Last year I wrote about how H’s sister and her husband brought their new baby, then three months old, to Cape Cod (see Our Summer Village on the Cape, September 2012). I marveled at their bravery in attempting a vacation at this stage of their child’s life. H and I found it too stressful to venture far from home during our daughter’s first two years. Last August, D’s new cousin was a cuddly, portable bundle. He needed everything done for him, but he lacked the power of locomotion. He stayed where he was placed. I wondered what even greater reserves of parental courage and vigilance would be required a year later, when their son would be a new walker.
Our nephew, at thirteen months, in May.
In August, he rarely paused long enough to be photographed.
This past summer, our nephew took his walking very seriously indeed. He was constantly on the move, always working on his form. The shifting sand and the piles of dried seaweed threw him for a loop. He soldiered on, carefully and deliberately, but he made it clear that he wasn’t about to go it alone. At the least hint of unsteadiness, he thrust out a hand and emitted an impatient squawk, his way of demanding that Mama or Daddy hasten to his side. He would accept help from Grandma and Grandpa, but remained wary of H, D and me. We hadn’t yet put in enough hours to earn his trust, and I could respect him for that. He was equally quick to indicate when assistance was unwelcome. The worst offense was to pick him up without permission. This was grounds for loud and vigorous protest.
When the baby was happy, he was very happy. He smiled, giggled, clapped his hands gently and soundlessly, and, when asked, performed his signature move, the subtlest of stationary dances, a barely perceptible, and very funny, shifting of his hips. When he was touchy, he was very touchy. Often his fiery irritability had no explanation. Luckily for him, whether glad or mad, he was awfully cute, a sweet-faced, doll-sized figure in a floppy sun hat and long shorts.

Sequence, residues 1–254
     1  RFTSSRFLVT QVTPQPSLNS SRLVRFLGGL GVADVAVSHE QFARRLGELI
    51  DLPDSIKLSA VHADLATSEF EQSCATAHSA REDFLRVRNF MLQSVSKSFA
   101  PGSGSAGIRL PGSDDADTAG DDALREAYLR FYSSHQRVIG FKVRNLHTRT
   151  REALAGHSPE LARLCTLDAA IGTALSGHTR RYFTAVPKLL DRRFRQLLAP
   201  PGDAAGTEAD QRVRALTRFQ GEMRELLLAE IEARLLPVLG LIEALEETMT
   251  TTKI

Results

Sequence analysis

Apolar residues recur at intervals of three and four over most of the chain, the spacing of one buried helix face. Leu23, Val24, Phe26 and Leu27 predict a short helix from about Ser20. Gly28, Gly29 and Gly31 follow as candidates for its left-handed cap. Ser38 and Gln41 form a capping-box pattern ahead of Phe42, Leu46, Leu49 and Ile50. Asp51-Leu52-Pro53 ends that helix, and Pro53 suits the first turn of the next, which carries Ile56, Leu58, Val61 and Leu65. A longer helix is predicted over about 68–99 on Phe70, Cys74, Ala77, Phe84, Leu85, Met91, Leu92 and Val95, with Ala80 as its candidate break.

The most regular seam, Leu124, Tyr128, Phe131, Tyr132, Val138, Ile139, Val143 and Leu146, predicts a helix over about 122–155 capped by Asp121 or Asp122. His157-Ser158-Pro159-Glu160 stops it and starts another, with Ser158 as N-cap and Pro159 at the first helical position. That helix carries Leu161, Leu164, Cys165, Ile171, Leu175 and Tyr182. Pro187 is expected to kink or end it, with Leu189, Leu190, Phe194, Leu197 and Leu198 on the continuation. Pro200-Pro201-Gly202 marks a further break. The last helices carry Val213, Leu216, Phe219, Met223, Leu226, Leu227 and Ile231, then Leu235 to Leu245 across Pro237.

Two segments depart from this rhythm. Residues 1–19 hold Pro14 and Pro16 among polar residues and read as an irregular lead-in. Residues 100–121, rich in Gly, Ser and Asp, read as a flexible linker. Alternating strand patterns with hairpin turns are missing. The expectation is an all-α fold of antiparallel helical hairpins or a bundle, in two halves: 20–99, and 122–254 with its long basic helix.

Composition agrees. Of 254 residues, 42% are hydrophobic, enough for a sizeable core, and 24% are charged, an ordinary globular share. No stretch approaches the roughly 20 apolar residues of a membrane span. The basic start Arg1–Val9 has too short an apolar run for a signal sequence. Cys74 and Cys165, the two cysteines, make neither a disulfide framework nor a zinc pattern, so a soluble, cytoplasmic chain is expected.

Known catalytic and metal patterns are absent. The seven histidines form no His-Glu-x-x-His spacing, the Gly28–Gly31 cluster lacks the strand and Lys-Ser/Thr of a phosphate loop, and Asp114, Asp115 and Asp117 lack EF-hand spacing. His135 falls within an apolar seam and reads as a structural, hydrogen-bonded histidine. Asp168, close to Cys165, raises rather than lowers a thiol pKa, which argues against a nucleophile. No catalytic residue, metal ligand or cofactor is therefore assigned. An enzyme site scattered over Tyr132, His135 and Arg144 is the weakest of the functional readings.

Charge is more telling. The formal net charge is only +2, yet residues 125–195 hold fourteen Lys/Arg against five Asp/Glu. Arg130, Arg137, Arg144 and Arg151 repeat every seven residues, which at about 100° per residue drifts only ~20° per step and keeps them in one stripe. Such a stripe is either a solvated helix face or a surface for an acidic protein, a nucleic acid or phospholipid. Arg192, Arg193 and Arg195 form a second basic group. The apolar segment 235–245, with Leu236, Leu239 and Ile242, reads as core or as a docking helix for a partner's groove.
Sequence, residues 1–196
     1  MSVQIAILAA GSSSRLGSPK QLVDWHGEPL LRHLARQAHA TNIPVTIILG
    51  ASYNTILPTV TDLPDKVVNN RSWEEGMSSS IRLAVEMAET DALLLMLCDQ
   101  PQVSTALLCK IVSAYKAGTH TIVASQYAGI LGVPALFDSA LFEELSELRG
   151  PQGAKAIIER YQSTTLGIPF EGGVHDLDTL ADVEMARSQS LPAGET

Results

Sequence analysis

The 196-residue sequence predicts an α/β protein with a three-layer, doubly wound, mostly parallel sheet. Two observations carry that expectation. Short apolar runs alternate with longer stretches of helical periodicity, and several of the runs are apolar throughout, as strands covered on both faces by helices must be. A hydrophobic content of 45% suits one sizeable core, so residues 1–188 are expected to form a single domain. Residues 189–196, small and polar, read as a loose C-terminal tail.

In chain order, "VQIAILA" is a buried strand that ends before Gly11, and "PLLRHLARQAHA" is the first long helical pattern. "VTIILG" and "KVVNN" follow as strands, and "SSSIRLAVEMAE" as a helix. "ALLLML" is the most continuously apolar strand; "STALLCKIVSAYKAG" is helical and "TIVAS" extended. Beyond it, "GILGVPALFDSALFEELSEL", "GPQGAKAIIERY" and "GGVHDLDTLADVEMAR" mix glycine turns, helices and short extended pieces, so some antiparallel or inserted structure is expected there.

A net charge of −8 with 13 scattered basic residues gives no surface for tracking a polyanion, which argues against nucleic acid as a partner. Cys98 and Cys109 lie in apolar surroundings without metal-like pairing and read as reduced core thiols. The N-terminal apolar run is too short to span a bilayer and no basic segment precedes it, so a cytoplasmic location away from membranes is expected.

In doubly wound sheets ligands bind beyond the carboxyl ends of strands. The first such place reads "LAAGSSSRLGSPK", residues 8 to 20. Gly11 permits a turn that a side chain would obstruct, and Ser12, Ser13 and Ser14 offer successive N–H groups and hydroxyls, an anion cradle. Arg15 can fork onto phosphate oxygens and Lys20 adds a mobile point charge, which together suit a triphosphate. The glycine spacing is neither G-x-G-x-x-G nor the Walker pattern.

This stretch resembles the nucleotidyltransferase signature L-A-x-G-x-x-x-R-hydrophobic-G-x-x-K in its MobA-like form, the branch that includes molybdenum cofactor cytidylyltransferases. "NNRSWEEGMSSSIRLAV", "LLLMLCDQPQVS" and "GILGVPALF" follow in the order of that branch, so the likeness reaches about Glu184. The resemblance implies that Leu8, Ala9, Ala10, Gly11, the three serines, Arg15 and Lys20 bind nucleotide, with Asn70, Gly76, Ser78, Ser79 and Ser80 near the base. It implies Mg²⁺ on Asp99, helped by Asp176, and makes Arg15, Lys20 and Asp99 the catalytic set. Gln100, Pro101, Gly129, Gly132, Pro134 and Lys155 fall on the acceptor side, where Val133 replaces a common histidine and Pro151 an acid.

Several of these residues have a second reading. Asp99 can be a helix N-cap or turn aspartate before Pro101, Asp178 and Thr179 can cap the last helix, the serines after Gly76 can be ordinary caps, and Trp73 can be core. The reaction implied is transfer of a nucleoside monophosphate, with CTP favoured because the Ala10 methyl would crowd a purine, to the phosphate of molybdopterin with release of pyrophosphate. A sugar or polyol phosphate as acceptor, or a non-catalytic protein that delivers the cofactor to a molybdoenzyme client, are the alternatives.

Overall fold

Considering that D’s cousin negotiated the beach with the utmost care, I was at first surprised to see that hard surfaces inspired in him a devil-may-care attitude. Once his little foot touched a sidewalk or a gravelly parking lot, if given the chance, he was likely to break into a wild run. He looked like a tiny fugitive attempting a last-ditch effort at freedom. These feats of daring frequently ended badly, in tumbles, scrapes and anguished screams.
Then it began to come back to me: our daughter behaved similarly when she was about his age. On soft, unthreatening grass, she walked with unhurried ease. But should she discover a patch of rocky, ill-paved concrete, that’s when she’d tear off in a desperate sprint. She was careful under relatively safe circumstances, yet often reckless when there was a hint of danger. When I hosted the baby playgroup for an Easter egg hunt at our new home, I looked forward to seeing the children roaming happily on the big front lawn. But D and her friends couldn’t care less about the nice grass or the colorful eggs hidden there. It seemed they had decided unanimously that the only game in town was scrambling up and down the rough concrete stairs off the back porch. Up and down, over and over, while we mothers hovered anxiously, trying to focus their attention elsewhere, to no avail.
During D’s toddler years I often lamented her frequent instances of contrariness. If I really wanted her to do a certain thing, she was likely to put all her effort into doing the opposite thing. It seemed like God’s joke on parents. Of course, he knows how we feel. In that paradise garden he lovingly created for us, there were boundless delicacies and only a single prohibition. We know how that went.